Zambia on Wednesday started vaccinations against cholera targeting 2 million people
LUSAKA, Jan 10 (Reuters) - Zambia has closed its main passport offices in the capital, a hub which is always thronged with people, as part of measures to curb the spread of cholera which is sweeping the country, the government said.
Street vending and public gatherings have also been banned in Lusaka to counter the disease, which has killed 67 people since September, 62 of them in the capital alone.
Home Affairs minister Stephen Kampyongo said the Passports and Citizenship Office in Lusaka would remain closed until further notice.
"In the meantime officers will only attend to travel emergencies. This is to allow for measures to be put in place to avoid the spread of cholera," Kampyongo said.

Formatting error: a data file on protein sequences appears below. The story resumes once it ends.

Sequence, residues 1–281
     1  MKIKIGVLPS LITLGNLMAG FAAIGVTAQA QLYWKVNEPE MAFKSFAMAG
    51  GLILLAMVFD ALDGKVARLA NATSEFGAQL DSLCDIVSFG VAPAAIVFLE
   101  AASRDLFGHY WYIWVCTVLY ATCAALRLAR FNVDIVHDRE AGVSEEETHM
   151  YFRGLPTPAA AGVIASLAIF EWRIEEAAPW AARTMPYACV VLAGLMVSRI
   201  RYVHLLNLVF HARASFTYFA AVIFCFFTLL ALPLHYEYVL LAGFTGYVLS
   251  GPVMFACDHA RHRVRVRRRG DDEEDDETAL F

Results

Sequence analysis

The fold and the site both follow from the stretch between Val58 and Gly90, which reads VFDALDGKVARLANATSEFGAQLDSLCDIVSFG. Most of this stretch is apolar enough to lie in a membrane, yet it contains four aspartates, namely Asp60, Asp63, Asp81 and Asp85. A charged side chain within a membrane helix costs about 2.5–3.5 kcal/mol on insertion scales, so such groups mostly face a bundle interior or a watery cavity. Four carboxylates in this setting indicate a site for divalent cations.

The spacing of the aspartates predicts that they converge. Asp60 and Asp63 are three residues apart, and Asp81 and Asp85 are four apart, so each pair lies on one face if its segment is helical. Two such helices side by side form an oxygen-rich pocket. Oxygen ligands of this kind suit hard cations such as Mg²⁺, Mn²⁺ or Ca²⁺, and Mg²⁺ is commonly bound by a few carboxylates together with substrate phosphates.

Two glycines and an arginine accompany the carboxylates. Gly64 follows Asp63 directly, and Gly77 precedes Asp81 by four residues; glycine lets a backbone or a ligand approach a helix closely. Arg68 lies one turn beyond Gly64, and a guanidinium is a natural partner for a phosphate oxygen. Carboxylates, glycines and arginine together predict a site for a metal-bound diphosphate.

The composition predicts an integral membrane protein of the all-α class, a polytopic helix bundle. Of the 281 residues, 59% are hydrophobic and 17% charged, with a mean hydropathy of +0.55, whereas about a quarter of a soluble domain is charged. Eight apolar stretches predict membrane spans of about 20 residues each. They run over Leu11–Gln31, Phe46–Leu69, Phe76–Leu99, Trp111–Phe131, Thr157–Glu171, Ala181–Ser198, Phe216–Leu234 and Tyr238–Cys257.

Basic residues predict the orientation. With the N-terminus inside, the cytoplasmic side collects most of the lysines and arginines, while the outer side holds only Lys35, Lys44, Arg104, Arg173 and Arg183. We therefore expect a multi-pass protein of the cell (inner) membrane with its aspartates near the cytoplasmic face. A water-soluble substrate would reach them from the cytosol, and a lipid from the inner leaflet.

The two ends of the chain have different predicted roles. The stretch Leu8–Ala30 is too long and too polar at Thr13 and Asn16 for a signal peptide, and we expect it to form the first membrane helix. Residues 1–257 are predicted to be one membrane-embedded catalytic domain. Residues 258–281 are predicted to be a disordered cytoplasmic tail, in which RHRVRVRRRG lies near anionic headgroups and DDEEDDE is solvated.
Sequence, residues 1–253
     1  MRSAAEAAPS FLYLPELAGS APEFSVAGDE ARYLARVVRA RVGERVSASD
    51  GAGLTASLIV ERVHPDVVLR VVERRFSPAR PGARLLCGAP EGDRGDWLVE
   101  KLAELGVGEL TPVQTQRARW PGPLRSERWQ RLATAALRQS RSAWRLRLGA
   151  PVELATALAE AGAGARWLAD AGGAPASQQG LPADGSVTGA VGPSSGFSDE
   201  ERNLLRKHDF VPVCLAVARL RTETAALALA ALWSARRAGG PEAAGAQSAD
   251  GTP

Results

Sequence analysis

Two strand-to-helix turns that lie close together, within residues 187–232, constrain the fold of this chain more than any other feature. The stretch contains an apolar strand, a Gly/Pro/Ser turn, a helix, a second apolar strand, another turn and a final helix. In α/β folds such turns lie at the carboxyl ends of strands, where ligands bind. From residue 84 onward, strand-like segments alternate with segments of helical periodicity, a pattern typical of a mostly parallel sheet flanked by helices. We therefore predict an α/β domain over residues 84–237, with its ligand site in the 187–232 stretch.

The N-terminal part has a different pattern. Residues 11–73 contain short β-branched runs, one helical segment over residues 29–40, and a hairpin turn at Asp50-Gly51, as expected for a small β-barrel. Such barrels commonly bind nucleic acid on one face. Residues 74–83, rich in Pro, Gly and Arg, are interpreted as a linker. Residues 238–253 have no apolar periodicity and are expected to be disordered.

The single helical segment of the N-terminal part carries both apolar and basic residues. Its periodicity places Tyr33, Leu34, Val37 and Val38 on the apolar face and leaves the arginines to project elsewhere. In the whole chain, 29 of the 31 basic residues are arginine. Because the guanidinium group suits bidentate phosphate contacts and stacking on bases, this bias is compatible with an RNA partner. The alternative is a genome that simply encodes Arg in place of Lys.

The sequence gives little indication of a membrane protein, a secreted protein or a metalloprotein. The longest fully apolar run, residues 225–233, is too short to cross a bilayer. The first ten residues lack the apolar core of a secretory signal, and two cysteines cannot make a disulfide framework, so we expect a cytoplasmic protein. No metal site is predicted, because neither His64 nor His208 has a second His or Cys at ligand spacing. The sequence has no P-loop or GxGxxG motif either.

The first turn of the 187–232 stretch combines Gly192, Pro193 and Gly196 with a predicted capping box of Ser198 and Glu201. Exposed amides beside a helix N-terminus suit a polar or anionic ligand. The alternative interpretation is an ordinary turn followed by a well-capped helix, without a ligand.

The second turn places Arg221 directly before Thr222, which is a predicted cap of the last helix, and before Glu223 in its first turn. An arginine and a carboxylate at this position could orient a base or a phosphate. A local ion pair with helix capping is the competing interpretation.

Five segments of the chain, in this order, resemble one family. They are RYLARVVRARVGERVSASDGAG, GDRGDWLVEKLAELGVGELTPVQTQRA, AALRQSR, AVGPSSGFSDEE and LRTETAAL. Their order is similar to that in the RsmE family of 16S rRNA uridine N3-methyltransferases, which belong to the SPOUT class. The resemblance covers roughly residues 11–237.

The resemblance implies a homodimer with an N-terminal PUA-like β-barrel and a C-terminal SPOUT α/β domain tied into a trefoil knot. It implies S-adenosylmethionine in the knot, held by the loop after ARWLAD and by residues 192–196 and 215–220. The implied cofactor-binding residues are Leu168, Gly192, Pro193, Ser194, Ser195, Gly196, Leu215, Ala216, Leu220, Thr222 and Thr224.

On Sunday, Zambia declared a curfew in a poor Lusaka township badly affected by a cholera outbreak to avoid crowding and street vending at night.
The curfew in Kanyama, a densely populated slum of iron-roofed shacks and dirt tracks runs from between 1800 hrs and 0600 hrs.
Zambia on Wednesday started vaccinations against cholera targeting 2 million people as the total number of those who have fallen sick since the disease broke out peaked at 2,905.
The cholera outbreak was initially ascribed to contaminated water from shallow wells, but investigations suggest that contaminated food may also be to blame.
President Edgar Lungu on Dec. 30 directed the military to help to fight the spread of the waterborne disease.
Cholera causes acute watery diarrhea. It can be treated with oral hydration solutions and antibiotics but spreads rapidly and can kill within hours if not treated.
(Reporting by Chris Mfula; Editing by Richard Balmforth)
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